The masses in Nigeria; have tired of their unsatisfied aptitudes. Prior to elections, politicians beg the masses to test them and they still fail to deliver.  They come up to persuade Nigerians that the practically disappointing status quo in the country would come to a terminus when voted into power, all political lies. There is, by the skin of teeth; any politician who doesn’t tell lies. But when will our politicians stop telling lies to us? Only they themselves will answer that.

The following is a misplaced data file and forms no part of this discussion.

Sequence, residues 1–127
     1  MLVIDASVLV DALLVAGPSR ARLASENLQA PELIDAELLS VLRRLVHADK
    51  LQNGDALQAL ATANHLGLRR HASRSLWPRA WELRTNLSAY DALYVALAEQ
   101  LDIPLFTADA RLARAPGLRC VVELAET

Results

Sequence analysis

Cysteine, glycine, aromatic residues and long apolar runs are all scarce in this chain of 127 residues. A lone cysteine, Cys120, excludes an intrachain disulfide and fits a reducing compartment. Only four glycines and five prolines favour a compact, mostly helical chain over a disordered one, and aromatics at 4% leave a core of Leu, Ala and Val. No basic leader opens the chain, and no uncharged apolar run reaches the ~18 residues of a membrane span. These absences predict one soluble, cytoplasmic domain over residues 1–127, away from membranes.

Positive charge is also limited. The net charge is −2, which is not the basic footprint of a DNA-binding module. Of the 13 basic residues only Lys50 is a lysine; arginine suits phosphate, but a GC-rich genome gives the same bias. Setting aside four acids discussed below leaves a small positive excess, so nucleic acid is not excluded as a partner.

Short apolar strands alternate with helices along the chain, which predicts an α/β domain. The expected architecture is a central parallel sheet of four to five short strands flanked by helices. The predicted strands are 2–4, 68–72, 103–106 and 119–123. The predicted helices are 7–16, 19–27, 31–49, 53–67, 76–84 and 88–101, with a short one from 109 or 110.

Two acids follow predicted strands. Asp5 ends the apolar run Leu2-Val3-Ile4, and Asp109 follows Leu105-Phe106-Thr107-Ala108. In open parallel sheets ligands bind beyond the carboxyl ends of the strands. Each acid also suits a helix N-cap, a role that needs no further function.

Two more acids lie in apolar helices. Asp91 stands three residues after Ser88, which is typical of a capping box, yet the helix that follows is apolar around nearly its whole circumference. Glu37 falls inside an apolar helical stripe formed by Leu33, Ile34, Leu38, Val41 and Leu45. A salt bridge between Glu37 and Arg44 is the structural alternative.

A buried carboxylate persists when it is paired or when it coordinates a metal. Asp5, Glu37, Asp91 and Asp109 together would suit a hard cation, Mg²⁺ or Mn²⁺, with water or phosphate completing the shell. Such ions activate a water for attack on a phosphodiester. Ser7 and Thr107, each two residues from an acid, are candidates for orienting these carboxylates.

One question that is still begging for answer is, has the country changed for good? I don’t think so. The masses are suffering, there is hunger and starvation everywhere, still; these men and women in the helm of our nation’s political affairs are sleeping in deluxe apartments, eating sumptuous meals on kingly tables and journeying on flamboyant cars with highlighted glasses. Who is fooling who? What do we call this? Politicians go into offices with the solitary determination of elevating their individual and domestic financial reserves. On the other hand, the masses sleep without electricity supply, journey on terrible roads, and have even preys to kidnappers and hostage takers in the streets. To whom shall we run to?